So –  a day of high drama.   During the past week I got back out to the rock cliff I featured last week.   I walked in as close as I could get and concentrated on taking photos of the detail.    Reducing the photos to B&W highlights the dramatic presence of the rock wall.  I think the photos work as a visual metaphor to convey something of the intensity I’ve been feeling lately. Although the final photo is of a vertical rock face it suggests the power and energy of the sea to me.   It goes some way towards corresponding with the kind of feeling I get when I see the whales.


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prompt:  Sally D’s mobile devices challenge – challengers choice

Forest Bathing

This week’s WordPress photo challenge  asks us to ‘share a photo that captures something reflected back to you in a way that made you look at your surroundings differently.’

I took the photo below one autumn a few years ago but it is still one of my favourites.


It was taken in a Japanese garden in a little country town an hour’s drive north of where I live.   The red tree growing in the water challenges my usual way of seeing the world.   The fact that water reflects the sky so accurately adds to effect.   My pre-conceived ideas that trees are green and grow in the earth are turned upside down.

The imminent destruction of the biggest, oldest tree in my neighbourhood (see my last two posts) has led me to think about trees a lot this week.   The tree felling is due to happen on Saturday.   I don’t want to be here and have been trying to work out where I can go that will keep me busy for hours on end.

I could go and see friends but then I’d probably just end up talking about the tree felling and getting myself even more upset.   Yesterday I went and spent some time in a local bush reserve.   Walking beneath the tall eucalyptus trees helped me balance and ground my energy.

In the comment section of a previous post someone said I had been forest bathing.   I’d heard this phase before but it wasn’t until last night that I read about the healing benefits of spending time in the forest.   After my experience in the forest yesterday I am convinced that spending time in the forest absorbing the energy really can lower the heart rate and calm anxieties.

After finding the photos of the red trees I’m thinking I might make the trek across country and go and visit these trees once again.   It’s autumn over here in Oz but this year the weather has been very cold and wet.   There haven’t been many sunny days.   Fingers crossed Saturday brings some sunshine and I make the pilgrimage to see these these extraordinary trees.    I might even make Saturday the day when I buy myself that new camera I’ve been promising myself.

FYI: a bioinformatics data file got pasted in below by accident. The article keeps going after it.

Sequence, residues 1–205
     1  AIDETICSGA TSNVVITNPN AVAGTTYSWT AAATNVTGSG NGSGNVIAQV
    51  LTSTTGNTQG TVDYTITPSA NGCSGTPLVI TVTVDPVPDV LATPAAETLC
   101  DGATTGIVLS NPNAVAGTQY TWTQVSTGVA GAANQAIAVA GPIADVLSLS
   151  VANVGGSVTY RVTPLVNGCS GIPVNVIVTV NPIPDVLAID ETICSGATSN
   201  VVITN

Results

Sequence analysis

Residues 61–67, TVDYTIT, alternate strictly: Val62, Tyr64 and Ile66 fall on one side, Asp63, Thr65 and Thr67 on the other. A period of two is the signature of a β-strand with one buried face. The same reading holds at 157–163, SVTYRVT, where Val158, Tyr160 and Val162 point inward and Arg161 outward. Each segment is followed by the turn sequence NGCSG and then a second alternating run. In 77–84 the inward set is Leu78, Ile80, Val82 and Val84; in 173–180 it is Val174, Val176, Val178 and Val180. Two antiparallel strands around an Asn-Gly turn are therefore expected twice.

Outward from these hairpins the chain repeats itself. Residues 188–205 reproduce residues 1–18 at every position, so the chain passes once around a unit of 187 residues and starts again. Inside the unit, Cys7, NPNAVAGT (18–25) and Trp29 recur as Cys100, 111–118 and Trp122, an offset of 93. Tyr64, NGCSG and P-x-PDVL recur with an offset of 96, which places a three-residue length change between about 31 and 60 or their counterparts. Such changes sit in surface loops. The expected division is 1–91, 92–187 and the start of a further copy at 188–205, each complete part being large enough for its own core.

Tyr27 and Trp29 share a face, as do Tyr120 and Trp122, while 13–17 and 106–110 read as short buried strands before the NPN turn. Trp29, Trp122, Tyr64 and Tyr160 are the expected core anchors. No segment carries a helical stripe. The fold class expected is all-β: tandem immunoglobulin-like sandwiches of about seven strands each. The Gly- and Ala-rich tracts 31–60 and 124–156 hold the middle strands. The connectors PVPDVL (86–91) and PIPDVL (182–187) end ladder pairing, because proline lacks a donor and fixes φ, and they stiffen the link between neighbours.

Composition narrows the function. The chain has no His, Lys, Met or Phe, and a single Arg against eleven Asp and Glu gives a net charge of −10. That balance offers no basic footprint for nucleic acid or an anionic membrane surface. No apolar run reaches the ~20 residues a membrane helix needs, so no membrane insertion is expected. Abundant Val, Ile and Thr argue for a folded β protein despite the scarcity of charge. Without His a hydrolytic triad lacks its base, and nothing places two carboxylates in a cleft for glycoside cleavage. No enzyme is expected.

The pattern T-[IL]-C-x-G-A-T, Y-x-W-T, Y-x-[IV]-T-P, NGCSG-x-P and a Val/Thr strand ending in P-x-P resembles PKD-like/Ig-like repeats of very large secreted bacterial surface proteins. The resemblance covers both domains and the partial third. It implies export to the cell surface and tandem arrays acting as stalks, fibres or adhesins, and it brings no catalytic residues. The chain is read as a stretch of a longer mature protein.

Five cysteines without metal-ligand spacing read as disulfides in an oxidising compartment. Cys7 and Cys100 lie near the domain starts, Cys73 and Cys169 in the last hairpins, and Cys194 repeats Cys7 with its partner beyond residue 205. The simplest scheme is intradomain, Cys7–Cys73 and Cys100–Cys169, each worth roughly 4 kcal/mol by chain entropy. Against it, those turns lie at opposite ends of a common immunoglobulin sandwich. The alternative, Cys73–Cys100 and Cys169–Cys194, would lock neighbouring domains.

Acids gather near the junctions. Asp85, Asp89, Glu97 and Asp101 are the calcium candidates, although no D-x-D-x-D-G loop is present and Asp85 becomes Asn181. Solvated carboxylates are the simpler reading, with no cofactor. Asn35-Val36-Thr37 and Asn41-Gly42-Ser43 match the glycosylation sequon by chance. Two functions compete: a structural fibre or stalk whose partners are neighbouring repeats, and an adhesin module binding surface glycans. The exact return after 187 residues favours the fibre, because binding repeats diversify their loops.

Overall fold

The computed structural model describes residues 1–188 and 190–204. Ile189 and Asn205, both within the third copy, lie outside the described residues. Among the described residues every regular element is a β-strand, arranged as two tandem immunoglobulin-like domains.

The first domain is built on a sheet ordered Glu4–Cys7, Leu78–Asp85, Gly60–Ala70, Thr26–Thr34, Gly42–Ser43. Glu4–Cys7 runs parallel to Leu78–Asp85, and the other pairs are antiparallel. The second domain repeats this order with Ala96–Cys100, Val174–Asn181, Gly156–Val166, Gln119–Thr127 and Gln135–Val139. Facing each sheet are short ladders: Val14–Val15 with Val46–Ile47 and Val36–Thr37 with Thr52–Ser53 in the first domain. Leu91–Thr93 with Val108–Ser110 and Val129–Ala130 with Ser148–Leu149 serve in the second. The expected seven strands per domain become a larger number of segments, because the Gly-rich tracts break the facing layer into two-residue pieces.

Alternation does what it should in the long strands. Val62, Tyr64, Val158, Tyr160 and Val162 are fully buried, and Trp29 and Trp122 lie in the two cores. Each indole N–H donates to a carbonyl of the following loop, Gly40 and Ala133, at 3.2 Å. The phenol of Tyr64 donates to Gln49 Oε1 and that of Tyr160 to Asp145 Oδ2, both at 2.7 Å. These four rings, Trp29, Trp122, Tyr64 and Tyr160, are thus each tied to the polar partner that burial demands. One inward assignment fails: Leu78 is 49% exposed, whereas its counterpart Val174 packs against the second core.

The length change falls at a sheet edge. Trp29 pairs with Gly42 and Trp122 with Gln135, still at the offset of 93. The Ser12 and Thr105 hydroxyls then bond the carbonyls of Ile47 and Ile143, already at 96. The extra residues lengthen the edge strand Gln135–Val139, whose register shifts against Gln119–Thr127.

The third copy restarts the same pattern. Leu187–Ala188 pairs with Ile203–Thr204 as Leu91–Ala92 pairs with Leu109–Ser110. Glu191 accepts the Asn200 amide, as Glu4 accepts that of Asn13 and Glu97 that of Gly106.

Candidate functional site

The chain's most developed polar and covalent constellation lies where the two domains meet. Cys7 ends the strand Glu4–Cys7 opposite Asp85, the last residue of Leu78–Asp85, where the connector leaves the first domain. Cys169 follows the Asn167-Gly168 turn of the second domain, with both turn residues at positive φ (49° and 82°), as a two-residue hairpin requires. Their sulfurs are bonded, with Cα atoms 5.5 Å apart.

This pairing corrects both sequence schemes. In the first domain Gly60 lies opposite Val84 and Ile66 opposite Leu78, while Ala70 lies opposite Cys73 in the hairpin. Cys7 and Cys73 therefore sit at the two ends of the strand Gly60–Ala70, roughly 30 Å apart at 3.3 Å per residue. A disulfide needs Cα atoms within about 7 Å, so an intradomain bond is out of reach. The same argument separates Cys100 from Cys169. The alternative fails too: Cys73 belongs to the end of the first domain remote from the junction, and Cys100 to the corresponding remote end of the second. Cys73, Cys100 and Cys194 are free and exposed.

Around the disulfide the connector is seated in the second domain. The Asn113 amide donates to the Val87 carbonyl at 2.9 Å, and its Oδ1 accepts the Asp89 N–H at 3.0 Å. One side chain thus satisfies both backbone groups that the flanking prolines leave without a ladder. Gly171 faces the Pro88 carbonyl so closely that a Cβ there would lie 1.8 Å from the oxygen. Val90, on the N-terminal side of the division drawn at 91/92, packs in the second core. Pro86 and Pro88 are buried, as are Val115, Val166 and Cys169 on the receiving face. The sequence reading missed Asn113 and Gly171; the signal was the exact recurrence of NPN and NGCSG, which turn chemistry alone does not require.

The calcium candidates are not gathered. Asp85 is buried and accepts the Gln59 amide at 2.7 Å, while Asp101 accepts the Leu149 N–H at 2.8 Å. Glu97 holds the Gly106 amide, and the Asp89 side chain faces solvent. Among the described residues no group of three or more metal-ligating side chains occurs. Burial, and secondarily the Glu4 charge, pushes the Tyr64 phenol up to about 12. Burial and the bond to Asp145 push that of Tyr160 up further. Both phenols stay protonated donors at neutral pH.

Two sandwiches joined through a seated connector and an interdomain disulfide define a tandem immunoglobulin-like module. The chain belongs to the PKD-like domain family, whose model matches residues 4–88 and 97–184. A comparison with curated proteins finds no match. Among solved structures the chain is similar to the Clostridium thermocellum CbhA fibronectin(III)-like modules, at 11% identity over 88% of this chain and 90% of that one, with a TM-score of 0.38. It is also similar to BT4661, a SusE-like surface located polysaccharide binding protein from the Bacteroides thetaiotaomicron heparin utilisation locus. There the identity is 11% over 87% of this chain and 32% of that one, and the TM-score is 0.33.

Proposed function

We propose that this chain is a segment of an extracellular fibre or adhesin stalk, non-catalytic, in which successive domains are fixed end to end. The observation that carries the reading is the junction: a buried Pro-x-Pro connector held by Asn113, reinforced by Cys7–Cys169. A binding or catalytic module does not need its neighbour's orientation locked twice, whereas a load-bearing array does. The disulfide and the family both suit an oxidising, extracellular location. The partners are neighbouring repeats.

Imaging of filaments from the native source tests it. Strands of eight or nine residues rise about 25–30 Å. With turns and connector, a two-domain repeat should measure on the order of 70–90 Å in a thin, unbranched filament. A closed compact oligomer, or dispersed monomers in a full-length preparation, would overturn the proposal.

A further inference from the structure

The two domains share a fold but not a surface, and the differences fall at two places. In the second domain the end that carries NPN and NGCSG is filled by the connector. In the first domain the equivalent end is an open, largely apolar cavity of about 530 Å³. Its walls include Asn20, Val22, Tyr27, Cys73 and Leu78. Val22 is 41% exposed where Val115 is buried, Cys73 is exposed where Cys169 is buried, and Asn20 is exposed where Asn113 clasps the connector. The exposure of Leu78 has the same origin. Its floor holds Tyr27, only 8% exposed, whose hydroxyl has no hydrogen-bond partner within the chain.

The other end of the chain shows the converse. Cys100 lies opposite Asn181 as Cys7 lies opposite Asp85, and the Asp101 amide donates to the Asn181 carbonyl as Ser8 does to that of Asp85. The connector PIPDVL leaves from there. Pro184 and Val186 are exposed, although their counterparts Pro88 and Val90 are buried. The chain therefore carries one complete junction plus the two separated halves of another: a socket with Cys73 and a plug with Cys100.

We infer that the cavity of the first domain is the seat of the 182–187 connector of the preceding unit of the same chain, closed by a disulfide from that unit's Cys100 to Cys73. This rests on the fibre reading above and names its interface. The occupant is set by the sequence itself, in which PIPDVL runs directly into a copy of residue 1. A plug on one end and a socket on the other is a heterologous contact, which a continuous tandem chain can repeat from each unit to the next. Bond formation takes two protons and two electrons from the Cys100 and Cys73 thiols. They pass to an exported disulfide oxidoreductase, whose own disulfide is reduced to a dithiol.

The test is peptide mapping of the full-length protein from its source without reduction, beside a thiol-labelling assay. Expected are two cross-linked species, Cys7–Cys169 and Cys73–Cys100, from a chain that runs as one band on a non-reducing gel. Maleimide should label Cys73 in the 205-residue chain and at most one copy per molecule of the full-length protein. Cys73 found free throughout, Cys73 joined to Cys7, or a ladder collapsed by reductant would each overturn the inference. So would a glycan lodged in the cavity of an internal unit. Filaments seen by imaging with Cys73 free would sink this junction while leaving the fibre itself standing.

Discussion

When I was very young I lived with my family on the shores of a vast salt lake.  We moved to the city when I was four  – the country was left behind and never revisited.   My childhood memories are of suburban streets and holidays on the beach.    The inland lake and the flat plains surrounding it became a mythic land I visited only in dreams.

illusionReturning to the lake shore now, all these decades later, my eyes are stretched into a haze of blue.   Is this what I saw as a baby?   Did my infant eyes attempt to focus on the horizon only to drift into illusory realms where nothing is quite as it seems?   Did this vision of infinite possibilities, probabilities and improbabilities influence my approach to life? – the landscape as a Buddhist primer for babies.

prompt –

(elements of this post appeared on my old blog “Art and Life” is a different format)


Just the other day I had a bout of Wanderlust.   As I couldn’t fly off to an exotic locale at that moment I drove across town to Thunder Point.

Up at the point I walked through the scrub for a bit 2017-04-22 12.11.14-02

then took the rocky track down to the cliff tops.  2017-04-22 12.12.59-01

There I picked my way along uneven ground.  My eyes drank in the subtle variations of colour in the rocks and vegetation.

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My ears were filled with the sound of sea gnawing at the base of the cliffs below me-

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On my lips I tasted the salt tang on the air as it blew in from the Southern Ocean.

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My senses were on high alert.   Any mis-step here and I could fall to my death.

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Up ahead I saw the shell scatter of an ancient aboriginal midden.   There is evidence that they have lived along this coast for 35,000 years or more.

2017-04-22 12.27.51-01 (1) I skirted round the edges –

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2017-04-22 12.26.59-01 – then on past the next headland.  The colours of the rocks changed again – I had reached my destination – Shelly Beach –

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A short walk along the shore led me to the next cove where fossilized tree trunks and roots appeared to hold up the cliff.

Higher up on the cliff face the stratified layers of geological time were revealed –


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Later as I walked back to my car I saw intrepid fisherfolk perched on the cliff edge.   They were braver than me to walk so close to the edge.

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Once I got back to my car I only had to drive for a few minutes to get back to my house. Although I’d only been away for a couple of hours I felt like I’d journeyed back into pre-history.

 (When I uploaded the photos to my computer I wished I’d taken the images with a camera rather than my old phone.   Hopefully I will be able to buy one before the next bout of Wanderlust hits. As soon as I get one I’ll be back down to Shelly Beach to take more shots.)

prompt –

Which Way?

I think I’m beginning to get a sense of direction with this blog.   There are two or three more old posts I want to salvage from “Art and Life” but I think most of the content from here on will be new stuff.   I’m intrigued with the idea of creating photo collages and photo poems so I’m thinking I’ll concentrate on that for a while.

prompt –      –     Outdoor walks:  sidewalks, paths, trails